FOMO (Fear Of Missing Out)

This takes me to the next point that is, how stressful we get by using the Internet and particularly social media. Surveys have shown that people on social media have more stressful life (Dick, 2013). The main reason for that is that we compare ourselves with others and then feel despair. Social media provides an endless amount of ways to compare yourself with friends and others; we compare the number of friends we have on Facebook, the number of likes we get on Instagram, the number of retweets we get on Twitter, etc. It acts as a constant reminder that there is always someone out there that is better than us.

The day of the media fast I went for a swim with my friends, but the next day when I saw someone posting a picture of him in the pool I got so jealous; I kept thinking I should have taken a photo and posted it. Since then, I stopped checking Instagram and I even deleted SnapChat, and I would do the same for Facebook if it weren’t for university work. I felt it was just too stressful and I never got any joy from it. However, the decision to stop using these social networks wasn’t easy. By deciding to quit these social networks, I lost some form of contact with my friends. How will I know what is going on in their lives and visa versa?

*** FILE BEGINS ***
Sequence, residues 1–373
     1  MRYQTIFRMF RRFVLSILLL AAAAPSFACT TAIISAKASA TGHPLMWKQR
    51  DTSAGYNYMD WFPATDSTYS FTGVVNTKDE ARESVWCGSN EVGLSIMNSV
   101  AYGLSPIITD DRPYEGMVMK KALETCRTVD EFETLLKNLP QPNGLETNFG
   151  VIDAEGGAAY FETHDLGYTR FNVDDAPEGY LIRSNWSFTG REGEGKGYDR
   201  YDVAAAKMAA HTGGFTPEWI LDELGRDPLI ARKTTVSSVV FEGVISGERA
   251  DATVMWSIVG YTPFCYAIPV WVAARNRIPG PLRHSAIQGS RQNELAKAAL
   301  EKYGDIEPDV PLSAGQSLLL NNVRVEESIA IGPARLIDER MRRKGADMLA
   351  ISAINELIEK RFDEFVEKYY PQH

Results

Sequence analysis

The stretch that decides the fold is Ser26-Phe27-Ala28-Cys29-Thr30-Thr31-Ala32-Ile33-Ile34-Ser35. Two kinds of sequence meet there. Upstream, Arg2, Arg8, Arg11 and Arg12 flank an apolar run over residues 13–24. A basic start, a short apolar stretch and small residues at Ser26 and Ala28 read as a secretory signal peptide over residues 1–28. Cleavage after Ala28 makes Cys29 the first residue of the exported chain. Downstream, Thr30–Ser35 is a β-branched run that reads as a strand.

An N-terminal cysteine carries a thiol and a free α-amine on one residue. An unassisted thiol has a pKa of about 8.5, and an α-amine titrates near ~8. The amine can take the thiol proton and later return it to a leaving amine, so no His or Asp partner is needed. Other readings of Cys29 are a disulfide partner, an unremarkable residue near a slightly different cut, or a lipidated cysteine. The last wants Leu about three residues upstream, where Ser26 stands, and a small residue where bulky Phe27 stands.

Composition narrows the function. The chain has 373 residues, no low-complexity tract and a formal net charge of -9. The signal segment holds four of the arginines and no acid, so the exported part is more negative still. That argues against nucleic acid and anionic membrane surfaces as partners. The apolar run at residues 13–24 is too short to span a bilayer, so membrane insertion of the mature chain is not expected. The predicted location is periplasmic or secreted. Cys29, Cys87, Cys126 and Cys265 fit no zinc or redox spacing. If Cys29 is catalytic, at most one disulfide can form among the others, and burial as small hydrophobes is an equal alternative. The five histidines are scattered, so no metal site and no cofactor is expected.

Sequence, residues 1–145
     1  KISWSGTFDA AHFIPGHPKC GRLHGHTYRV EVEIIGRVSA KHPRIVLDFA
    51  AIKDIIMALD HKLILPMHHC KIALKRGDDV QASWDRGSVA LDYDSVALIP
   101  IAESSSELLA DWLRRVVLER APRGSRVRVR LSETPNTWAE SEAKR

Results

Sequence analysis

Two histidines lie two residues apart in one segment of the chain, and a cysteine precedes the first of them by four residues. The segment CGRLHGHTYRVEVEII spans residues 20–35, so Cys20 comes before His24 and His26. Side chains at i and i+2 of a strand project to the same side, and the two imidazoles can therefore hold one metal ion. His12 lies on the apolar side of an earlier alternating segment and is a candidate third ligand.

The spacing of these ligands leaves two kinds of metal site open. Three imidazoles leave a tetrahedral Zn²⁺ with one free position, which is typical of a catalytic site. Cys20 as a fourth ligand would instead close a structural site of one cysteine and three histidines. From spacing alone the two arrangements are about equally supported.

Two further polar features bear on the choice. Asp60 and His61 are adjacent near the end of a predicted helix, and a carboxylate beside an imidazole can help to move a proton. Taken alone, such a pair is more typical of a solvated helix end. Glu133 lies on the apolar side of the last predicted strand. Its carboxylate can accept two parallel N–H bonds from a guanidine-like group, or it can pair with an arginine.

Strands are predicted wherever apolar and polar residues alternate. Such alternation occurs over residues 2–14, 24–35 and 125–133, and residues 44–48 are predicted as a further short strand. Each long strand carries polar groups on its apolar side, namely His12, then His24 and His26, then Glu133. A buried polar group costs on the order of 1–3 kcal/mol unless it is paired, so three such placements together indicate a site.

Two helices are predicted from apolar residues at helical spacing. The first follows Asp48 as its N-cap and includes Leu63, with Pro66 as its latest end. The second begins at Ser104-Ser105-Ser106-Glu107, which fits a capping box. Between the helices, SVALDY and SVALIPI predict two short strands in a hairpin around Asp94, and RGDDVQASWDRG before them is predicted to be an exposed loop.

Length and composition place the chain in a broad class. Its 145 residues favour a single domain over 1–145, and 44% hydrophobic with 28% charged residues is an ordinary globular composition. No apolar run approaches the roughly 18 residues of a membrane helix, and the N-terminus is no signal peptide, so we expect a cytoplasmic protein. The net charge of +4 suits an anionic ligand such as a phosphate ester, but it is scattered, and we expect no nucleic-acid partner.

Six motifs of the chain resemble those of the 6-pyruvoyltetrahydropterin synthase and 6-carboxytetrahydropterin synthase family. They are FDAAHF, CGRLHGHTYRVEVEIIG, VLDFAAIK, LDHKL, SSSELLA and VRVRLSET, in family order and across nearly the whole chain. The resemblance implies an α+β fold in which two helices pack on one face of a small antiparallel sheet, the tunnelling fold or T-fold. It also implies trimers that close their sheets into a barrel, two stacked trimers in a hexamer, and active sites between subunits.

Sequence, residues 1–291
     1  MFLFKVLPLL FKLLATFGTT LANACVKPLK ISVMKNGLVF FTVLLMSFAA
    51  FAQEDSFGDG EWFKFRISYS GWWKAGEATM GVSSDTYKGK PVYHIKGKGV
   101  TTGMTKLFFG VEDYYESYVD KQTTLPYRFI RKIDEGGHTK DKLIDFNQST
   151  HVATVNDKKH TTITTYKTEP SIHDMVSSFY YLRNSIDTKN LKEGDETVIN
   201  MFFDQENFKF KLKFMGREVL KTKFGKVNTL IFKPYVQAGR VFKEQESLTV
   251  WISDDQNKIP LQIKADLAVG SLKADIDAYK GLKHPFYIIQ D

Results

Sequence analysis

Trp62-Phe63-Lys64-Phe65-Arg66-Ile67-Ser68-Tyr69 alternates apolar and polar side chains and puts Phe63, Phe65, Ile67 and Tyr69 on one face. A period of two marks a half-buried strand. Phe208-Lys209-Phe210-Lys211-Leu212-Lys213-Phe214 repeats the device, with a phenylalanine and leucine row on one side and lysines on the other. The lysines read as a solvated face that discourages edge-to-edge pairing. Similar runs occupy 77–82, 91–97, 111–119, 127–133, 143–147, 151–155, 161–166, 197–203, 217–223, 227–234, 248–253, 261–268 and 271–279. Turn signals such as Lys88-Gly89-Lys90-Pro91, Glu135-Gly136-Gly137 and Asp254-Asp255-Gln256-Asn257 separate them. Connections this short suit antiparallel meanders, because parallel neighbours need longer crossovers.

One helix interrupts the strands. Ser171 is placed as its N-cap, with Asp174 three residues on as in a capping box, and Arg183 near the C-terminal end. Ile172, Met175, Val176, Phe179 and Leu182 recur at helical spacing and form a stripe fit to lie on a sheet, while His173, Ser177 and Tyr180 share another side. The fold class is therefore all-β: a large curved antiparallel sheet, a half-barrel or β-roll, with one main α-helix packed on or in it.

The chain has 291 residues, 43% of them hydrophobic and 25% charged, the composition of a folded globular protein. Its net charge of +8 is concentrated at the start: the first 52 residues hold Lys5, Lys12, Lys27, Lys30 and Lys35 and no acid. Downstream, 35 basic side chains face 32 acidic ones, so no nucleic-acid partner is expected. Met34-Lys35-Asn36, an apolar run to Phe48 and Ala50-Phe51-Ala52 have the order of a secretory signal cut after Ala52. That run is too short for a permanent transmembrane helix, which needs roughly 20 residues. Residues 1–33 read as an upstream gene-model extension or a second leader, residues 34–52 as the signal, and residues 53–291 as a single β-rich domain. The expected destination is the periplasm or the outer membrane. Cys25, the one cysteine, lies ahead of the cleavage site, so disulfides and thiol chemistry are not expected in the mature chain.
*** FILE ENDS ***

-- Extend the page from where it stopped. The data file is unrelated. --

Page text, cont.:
The fear of missing out has been recognized as a genuine psychological disorder caused by the advancement of technology and the increase in the number of choices available to individuals (Kelner, 2013). I’m not able to enjoy what is in front of me, because I feel like something better and more exciting is happening elsewhere. While envy is nothing new, now it’s much harder to keep up with others, when they’re sharing pictures and tweets of everything they’re doing, which makes you feel inferior and insecure.

You could, of course, disconnect from the Internet, but that would be like withdrawing from real life. Having a Wi-Fi connection has become an essential part of our lives; we need it 24/7. You can no longer go to a restaurant and enjoy a meal, you have to take a picture of what you’re eating and share it on every social network you can.